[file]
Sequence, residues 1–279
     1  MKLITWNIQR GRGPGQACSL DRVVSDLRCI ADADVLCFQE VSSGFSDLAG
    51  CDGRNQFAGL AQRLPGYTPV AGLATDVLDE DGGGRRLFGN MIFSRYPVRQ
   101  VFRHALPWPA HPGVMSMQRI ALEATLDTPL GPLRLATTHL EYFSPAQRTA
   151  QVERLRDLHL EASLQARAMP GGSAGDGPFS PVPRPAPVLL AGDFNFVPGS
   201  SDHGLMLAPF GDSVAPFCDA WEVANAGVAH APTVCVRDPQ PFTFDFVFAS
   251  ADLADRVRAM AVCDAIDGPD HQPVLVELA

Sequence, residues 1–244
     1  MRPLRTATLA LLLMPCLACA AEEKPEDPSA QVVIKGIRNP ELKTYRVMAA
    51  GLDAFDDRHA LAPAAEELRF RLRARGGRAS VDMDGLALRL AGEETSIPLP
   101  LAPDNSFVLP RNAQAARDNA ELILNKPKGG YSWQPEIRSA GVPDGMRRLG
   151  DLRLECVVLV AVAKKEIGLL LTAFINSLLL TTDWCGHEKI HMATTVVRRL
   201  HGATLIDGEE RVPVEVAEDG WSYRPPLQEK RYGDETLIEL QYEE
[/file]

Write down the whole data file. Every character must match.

Sequence, residues 1–279
     1  MKLITWNIQR GRGPGQACSL DRVVSDLRCI ADADVLCFQE VSSGFSDLAG
    51  CDGRNQFAGL AQRLPGYTPV AGLATDVLDE DGGGRRLFGN MIFSRYPVRQ
   101  VFRHALPWPA HPGVMSMQRI ALEATLDTPL GPLRLATTHL EYFSPAQRTA
   151  QVERLRDLHL EASLQARAMP GGSAGDGPFS PVPRPAPVLL AGDFNFVPGS
   201  SDHGLMLAPF GDSVAPFCDA WEVANAGVAH APTVCVRDPQ PFTFDFVFAS
   251  ADLADRVRAM AVCDAIDGPD HQPVLVELA

Sequence, residues 1–244
     1  MRPLRTATLA LLLMPCLACA AEEKPEDPSA QVVIKGIRNP ELKTYRVMAA
    51  GLDAFDDRHA LAPAAEELRF RLRARGGRAS VDMDGLALRL AGEETSIPLP
   101  LAPDNSFVLP RNAQAARDNA ELILNKPKGG YSWQPEIRSA GVPDGMRRLG
   151  DLRLECVVLV AVAKKEIGLL LTAFINSLLL TTDWCGHEKI HMATTVVRRL
   201  HGATLIDGEE RVPVEVAEDG WSYRPPLQEK RYGDETLIEL QYEE